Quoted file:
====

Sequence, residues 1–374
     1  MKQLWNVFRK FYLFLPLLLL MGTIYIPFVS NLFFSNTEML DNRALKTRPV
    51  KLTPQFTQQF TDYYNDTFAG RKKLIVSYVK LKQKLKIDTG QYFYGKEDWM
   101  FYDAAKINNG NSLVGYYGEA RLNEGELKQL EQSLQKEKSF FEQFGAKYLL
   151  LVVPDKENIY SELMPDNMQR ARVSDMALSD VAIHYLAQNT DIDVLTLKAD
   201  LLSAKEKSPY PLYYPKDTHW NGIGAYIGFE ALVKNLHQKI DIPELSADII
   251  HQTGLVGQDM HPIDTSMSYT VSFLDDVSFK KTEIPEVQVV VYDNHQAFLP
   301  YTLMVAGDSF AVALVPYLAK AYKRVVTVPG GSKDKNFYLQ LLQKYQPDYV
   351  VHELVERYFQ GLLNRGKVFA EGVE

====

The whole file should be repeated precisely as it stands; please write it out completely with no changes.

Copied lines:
Sequence, residues 1–374
     1  MKQLWNVFRK FYLFLPLLLL MGTIYIPFVS NLFFSNTEML DNRALKTRPV
    51  KLTPQFTQQF TDYYNDTFAG RKKLIVSYVK LKQKLKIDTG QYFYGKEDWM
   101  FYDAAKINNG NSLVGYYGEA RLNEGELKQL EQSLQKEKSF FEQFGAKYLL
   151  LVVPDKENIY SELMPDNMQR ARVSDMALSD VAIHYLAQNT DIDVLTLKAD
   201  LLSAKEKSPY PLYYPKDTHW NGIGAYIGFE ALVKNLHQKI DIPELSADII
   251  HQTGLVGQDM HPIDTSMSYT VSFLDDVSFK KTEIPEVQVV VYDNHQAFLP
   301  YTLMVAGDSF AVALVPYLAK AYKRVVTVPG GSKDKNFYLQ LLQKYQPDYV
   351  VHELVERYFQ GLLNRGKVFA EGVE